# Two random sequences with same distribution must simultaneously converge (almost surely) with the same distribution

Let $\mathbb{R}^{\infty}$ be the space of infinite sequences $(x_1, \dots, )$. Equip the space with $\sigma$-algebra $\mathcal B(\mathbb{R}^{\infty})$ generated by finite dimensional rectangles. We say two random sequences $X = (X_1, \dots )$ on $(\Omega, \mathcal F, P)$ and $Y = (Y_1, \dots)$ on $(\Omega', \mathcal F', P')$ have the same distribution if for all $B \in \mathcal B(\mathbb R^{\infty})$, $$P(X \in B) = P'(Y \in B) .$$

Suppose $X = (X_1, \dots)$ and $Y=(Y_1, \dots)$ have the same distribution and $\{X_n\}$ converges almost surely (almost everywhere) to some random variable $X_{\infty}$ on $(\Omega, \mathcal F, P)$. Then $\{Y_n\}$ converges almost surely to some random variable $Y_{\infty}$ on $(\Omega', \mathcal F', P')$ and $X_{\infty}$ and $Y_{\infty}$ have the same distribution.

I am stuck with the problem for a while. I am new to probability theory and to be honest, I don't quite know how to apply the condition with same distribution. Any help will be appreciated.

Edit: Thanks to the hint by @Kavi Rama Murthy. I post my solution here. Any critics are welcome.

Let $\{b_j\}_1^n \subseteq \mathbb R^{\infty}$ and $B = \{ \{b_j\} \colon \lim_{j \to \infty} b_j \text{ exits }\}$. We observe \begin{align*} \displaystyle B = \bigcap_{k=1}^{\infty} \bigcup_{N \in \mathbb N} \bigcap_{m,n \ge N} \{ \{b_j\} \colon |b_m - b_n| < \frac{1}{k}\}. \end{align*} It is clear $B \subseteq \mathcal B^{\infty}$. Then \begin{align*} X^{-1}(B) = \{ \omega \colon \{X_n(\omega)\} \text{ is Cauchy }\} \\ Y^{-1}(B) = \{ \omega \colon \{Y_n(\omega)\} \text{ is Cauchy }\}. \end{align*} Since $\{X_n(\omega)\}$ converges to $X_{\infty}(\omega)$ almost everywhere, $P(X^{-1}(B)) = 1$. It follows $P'(Y^{-1}(B)) = 1$. This is, the set $\Omega_0' = \{\omega \colon \lim_{n \to \infty } Y_n(\omega) \text{ exits }\}$ has measure $1$. Let $Y_{\infty} = \lim_{n \to \infty} Y_n(\omega)$ on $\Omega_0'$ and be any number in $\mathbb R$ on $\Omega \setminus \Omega_0$. $Y_n \to Y_{\infty}$ almost everywhere. By excluding the sets with measure $0$ in both spaces, we may assume $X_n \to X_{\infty}$ and $Y_n \to Y_{\infty}$ pointwise everywhere. For any Borel set $B \subseteq \mathcal B( \mathbb R)$, \begin{align*} \displaystyle X_{\infty}^{-1}(B) = \limsup_{n \to \infty} X_n^{-1}(B) = \bigcap_{k=1}^{\infty} \bigcup_{n =k}^{\infty} X_n^{-1}(B) \\ Y_{\infty}^{-1}(B) = \limsup_{n \to \infty} Y_n^{-1}(B) = \bigcap_{k=1}^{\infty} \bigcup_{n =k}^{\infty} Y_n^{-1}(B) \\ \end{align*} Clearly we have $P( X^{-1}(B)) = P'( Y^{-1}(B))$.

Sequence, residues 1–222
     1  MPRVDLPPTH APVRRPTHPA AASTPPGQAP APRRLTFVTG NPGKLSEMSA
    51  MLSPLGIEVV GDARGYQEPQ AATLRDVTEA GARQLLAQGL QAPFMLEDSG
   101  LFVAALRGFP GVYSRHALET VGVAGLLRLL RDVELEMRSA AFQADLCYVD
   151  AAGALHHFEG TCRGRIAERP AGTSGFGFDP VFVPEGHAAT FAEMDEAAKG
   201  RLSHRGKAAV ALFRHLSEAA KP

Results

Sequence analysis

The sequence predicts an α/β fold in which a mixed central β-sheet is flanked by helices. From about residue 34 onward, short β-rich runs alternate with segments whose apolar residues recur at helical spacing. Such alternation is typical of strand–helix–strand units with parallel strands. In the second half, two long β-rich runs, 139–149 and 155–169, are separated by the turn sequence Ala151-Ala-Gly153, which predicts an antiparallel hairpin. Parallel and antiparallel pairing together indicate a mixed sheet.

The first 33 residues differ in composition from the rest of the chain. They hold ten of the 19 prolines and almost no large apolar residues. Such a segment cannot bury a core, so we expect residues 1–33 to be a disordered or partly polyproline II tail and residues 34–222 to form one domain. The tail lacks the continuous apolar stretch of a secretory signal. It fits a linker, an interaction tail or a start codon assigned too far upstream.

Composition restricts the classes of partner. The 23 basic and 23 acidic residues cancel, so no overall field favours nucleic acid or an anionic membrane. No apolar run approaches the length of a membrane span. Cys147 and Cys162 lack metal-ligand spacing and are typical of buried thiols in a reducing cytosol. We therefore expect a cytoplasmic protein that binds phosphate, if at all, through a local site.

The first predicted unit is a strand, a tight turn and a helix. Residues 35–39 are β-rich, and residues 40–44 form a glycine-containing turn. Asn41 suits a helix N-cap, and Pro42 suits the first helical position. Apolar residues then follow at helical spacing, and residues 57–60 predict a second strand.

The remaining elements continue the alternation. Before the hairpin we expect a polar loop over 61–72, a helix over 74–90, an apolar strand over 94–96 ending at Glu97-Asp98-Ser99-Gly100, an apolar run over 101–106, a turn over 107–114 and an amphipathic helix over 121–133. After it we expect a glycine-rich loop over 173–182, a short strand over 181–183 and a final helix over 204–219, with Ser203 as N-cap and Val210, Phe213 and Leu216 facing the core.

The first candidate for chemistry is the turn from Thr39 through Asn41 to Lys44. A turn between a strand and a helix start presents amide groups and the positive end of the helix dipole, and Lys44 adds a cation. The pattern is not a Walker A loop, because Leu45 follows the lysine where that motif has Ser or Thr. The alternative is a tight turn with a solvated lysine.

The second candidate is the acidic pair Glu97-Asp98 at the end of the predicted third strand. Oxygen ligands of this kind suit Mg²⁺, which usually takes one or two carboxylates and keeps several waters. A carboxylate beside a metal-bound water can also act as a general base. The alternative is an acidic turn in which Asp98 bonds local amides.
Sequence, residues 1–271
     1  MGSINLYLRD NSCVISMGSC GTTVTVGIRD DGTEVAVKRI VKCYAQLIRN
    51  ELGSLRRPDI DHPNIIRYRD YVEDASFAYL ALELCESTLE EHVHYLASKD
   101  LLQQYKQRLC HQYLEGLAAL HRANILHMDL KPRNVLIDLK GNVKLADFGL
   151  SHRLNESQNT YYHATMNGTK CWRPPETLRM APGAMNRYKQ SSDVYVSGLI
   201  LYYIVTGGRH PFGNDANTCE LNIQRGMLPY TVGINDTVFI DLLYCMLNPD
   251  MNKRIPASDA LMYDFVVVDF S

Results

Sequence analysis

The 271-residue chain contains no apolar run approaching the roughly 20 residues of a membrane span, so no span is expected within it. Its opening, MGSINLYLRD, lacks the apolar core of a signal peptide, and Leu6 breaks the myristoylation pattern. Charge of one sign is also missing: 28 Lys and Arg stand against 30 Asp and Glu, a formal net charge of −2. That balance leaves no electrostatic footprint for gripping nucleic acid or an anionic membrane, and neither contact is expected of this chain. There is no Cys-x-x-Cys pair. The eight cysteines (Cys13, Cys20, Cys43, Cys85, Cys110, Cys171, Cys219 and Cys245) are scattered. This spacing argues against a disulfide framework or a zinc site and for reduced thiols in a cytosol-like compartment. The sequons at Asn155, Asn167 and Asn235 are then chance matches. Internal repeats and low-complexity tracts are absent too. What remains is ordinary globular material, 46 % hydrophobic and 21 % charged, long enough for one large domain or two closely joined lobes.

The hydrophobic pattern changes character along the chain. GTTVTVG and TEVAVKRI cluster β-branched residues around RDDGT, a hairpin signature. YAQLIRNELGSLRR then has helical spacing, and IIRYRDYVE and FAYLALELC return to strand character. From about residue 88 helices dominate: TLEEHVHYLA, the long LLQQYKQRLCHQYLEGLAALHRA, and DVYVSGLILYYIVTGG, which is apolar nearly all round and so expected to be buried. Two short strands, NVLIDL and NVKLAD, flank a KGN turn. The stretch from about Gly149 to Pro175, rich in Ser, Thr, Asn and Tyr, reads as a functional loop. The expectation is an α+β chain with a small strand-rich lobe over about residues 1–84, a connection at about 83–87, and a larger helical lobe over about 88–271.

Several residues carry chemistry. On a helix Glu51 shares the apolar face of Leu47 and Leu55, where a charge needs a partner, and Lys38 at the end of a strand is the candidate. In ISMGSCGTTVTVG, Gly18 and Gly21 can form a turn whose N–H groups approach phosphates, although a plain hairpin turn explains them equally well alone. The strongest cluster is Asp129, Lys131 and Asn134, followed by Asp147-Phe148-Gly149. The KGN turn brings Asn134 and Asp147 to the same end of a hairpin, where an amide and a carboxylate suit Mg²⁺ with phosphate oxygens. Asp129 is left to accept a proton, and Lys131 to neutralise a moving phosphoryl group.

I am not convinced the proof to that $X_{\infty}$ has the same distribution as $Y_{\infty}$ is correct. Would anyone give suggestions on how to approach this part?

## 1 Answer

You only have to observe that $B=\{\{a_n\}:\{a_n\} converges\}$ is a Borel set in $\mathbb R^{\infty}$. (Use definition of limit prove this fact). When you apply the hypothesis to this set you get exactly what you want.

• Can you elaborate more please？ The set where The limit exists Is certainly measurable. But we still need to show The measure Is 1. – user1101010 Oct 13 '17 at 7:07
• What is given is $P\{X^(-1)(B)\}=1$ What you need is $P\{Y^(-1)(B)\}=1$. This is immediate from the hypothesis. – Kavi Rama Murthy Oct 13 '17 at 7:11
• Sorry about poor technical typing. The inverse image under X of B is precisely {w:lim:X_n(w) exists} and this event has probability 1. By the hypothesis we can change X to Y. I hope this is clear enough. – Kavi Rama Murthy Oct 13 '17 at 8:00